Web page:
The acclaimed essayist and former editor of the American Scholar presents a provocative collection of essays that illustrate the ways a writer can employ biographical detail. Epstein (English/Northwestern Univ.; Gossip, 2011, etc.) has assembled a motley crew of characters--from Henry Adams to Xenophon, Michael Jordan to Gore Vidal. The author has a capacious mind, a wide range of interests, political biases (he labels himself a conservative) and a vast storehouse of knowledge about literary history--all of which animate and inform his pieces. (A complaint: There is neither preface nor foreword--no evidence, other than internal, of the date and audience for the pieces.) Epstein begins with a tribute to George Washington, concluding that it was his "moral character" that set him apart--a trait apparently unsullied by his slave-holding? There is little doubt about the author's conservative preferences; when he writes about literature, he can become downright nasty and laugh-out-loud entertaining. He bites Saul Bellow ("a literary Bluebeard") substantially in a full essay then returns in other pieces for additional nips. He blasts Arnold Rampersad's biography of Ralph Ellison, admires Bernard Malamud, eviscerates Dwight Macdonald and sucker punches both Mailer (calling "The White Negro" a "wretched essay") and Vidal, whose essays he calls "dull hamburger." His assessments of critics Irving Howe, Alfred Kazin and Irving Kristol range from measured to admiring. Epstein reserves some of his most potent firepower for Susan Sontag (her films, he writes, are surely playing in hell) but loves the work of Max Beerbohm and George Eliot. Writing of the latter, he notes how she had a sympathy for Jews that is lacking in many other major writers. He ends with a moving account of his friendship with a man in a nursing home. Articulate, funny, informed and bitchy--guaranteed to both delight and disconcert.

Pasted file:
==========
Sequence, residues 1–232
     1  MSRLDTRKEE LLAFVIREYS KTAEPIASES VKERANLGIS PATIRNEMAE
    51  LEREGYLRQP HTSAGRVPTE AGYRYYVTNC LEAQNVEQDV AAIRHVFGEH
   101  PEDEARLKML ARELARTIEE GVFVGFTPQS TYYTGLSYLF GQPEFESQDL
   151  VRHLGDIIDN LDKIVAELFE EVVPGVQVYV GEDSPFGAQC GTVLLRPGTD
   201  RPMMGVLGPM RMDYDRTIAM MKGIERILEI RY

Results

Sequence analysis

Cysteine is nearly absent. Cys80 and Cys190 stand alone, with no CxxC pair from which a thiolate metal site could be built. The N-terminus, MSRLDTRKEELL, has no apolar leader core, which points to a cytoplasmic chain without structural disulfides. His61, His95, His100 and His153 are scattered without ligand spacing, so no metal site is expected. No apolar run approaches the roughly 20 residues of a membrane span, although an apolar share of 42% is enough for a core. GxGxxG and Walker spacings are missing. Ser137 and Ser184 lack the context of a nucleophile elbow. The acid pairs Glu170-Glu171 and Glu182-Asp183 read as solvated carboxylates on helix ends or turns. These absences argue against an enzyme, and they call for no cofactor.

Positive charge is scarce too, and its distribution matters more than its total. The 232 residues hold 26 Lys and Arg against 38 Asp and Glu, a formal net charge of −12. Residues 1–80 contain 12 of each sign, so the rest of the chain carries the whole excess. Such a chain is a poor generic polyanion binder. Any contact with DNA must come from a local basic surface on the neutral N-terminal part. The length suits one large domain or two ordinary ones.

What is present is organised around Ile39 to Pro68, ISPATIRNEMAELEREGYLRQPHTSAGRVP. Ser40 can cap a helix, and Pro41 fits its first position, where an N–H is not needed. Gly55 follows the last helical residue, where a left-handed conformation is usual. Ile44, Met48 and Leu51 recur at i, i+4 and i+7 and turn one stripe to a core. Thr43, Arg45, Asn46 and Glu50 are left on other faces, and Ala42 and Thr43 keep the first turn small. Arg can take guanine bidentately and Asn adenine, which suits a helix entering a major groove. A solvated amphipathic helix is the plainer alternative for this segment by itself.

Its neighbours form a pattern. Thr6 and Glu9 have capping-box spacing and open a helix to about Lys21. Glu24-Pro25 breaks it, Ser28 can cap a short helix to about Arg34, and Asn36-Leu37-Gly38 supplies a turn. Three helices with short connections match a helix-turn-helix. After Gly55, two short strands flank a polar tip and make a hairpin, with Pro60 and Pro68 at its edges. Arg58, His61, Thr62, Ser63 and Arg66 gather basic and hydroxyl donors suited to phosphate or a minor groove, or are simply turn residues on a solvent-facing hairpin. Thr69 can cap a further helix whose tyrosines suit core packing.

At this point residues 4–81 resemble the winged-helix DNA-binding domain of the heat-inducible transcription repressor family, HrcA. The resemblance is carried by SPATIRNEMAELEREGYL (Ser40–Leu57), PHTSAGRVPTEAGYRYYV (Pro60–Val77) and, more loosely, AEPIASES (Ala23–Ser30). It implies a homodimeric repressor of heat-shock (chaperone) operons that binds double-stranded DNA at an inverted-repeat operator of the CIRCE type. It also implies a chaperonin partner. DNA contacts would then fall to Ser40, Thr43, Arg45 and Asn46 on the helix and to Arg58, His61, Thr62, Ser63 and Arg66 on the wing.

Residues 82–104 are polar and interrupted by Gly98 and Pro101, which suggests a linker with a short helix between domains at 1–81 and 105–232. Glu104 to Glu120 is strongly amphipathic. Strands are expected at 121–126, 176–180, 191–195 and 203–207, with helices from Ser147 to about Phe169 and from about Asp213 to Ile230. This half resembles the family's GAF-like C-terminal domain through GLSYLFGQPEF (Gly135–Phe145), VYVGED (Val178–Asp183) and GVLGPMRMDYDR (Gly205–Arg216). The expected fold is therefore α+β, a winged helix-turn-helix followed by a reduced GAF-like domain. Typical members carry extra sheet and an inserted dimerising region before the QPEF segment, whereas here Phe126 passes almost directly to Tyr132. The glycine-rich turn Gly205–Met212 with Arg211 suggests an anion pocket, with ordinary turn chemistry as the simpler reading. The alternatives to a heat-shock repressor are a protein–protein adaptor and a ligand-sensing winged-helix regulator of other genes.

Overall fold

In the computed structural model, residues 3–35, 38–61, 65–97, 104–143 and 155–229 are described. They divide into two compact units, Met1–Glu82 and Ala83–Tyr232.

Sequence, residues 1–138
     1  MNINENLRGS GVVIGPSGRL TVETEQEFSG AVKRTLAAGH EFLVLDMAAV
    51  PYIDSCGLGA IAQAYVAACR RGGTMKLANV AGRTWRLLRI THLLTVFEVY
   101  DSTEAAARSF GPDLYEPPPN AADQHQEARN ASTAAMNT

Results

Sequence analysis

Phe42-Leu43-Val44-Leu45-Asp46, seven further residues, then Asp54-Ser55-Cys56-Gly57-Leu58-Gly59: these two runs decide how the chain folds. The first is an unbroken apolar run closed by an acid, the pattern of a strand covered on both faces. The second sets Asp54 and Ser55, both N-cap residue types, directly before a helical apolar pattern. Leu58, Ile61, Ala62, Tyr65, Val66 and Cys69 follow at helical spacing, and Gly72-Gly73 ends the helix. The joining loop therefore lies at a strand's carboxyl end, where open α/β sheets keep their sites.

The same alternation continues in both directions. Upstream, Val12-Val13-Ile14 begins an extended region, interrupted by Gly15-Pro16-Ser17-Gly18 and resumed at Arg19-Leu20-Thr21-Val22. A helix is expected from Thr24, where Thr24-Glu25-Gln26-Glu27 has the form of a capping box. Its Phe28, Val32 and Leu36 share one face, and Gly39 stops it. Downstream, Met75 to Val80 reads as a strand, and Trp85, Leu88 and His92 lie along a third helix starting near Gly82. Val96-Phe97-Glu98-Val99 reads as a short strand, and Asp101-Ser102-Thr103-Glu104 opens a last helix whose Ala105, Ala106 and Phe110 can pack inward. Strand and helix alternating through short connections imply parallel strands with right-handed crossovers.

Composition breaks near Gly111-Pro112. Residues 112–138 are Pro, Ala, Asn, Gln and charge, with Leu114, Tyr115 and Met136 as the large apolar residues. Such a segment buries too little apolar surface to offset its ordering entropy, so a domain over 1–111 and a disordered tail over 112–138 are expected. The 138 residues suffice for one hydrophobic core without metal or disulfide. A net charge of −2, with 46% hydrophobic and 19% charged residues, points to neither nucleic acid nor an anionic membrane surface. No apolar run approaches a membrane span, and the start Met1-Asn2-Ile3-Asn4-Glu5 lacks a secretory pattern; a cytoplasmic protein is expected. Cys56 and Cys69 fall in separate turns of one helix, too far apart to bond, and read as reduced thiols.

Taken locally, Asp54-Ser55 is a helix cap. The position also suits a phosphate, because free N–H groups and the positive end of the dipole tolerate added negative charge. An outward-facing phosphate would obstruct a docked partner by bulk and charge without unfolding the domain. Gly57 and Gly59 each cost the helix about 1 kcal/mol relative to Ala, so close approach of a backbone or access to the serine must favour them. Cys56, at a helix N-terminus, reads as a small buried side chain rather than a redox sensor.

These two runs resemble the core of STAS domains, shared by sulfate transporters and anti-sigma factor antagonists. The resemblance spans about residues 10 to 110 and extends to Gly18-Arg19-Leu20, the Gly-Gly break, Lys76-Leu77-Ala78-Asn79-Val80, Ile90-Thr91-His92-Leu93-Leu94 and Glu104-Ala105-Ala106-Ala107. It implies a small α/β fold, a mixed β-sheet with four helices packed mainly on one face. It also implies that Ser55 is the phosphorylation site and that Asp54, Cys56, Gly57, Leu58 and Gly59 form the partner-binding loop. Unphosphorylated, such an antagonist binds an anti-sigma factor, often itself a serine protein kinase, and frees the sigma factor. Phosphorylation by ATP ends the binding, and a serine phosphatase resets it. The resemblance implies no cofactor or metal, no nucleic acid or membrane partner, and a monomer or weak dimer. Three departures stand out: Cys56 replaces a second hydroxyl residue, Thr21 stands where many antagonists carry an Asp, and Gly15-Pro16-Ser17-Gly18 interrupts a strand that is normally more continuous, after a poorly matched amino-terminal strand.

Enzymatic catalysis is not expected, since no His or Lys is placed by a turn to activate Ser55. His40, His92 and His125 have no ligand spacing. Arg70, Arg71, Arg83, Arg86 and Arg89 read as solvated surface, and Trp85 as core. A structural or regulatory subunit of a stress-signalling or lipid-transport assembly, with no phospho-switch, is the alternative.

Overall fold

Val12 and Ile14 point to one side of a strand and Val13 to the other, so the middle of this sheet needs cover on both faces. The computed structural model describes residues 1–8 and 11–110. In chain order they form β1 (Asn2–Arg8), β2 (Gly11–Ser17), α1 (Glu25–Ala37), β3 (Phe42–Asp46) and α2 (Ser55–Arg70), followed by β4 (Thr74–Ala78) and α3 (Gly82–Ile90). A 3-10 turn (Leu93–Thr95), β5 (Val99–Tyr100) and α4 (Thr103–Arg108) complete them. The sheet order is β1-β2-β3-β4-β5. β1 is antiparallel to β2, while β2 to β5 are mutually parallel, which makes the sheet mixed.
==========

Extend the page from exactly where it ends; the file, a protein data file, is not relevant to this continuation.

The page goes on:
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Product Details

  • ISBN-13: 9781604190687
  • Publisher: Axios Press
  • Publication date: 10/16/2012
  • Pages: 603
  • Sales rank: 486,429
  • Product dimensions: 5.80 (w) x 9.00 (h) x 1.70 (d)

Meet the Author

Joseph Epstein
Joseph Epstein is a long time resident of Chicago. Joseph Epstein has taught English and writing at
Northwestern for many years. He is the author of 22 books, many of them collections of essays, and has also written for numerous magazines including the New Yorker, The Atlantic, and Commentary.
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Table of Contents

Americans

George Washington 3

Henry Adams and Henry James 27

George Santayana 41

Adlai Stevenson 57

Henry Luce 93

Ralph Ellison 129

Isaac Rosenfeld 143

Saul Bellow 159

Bernard Malamud 179

Dwight Macdonald 191

Gore Vidal 209

Irving Howe 221

Alfred Kazin 237

Irving Kristol 249

Arthur M. Schlesinger, Jr. 253

A.J. Liebling 267

John Frederick Nims 279

Susan Sontag 283

Englishmen

Max Beerbohm 291

George Eliot 301

Maurice Bowra 313

T.S. Eliot 325

Cyril Connolly 343

Isaiah Berlin 355

Hugh Trevor-Roper 367

John Gross 381

Popular Culture

Alfred Kinsey 391

Charles Van Doren 403

W.C. Fields 423

Irving Thalberg 435

George Gershwin 445

Joe DiMaggio 453

Michael Jordan 467

James Wolcott 481

Malcolm Gladwell 491

And Others

Erich Heller 505

Aleksandr Solzhenitsyn 513

V.S. Naipaul and Paul Theroux 525

Xenophon 539

Matthew Shanahan 551

Index 565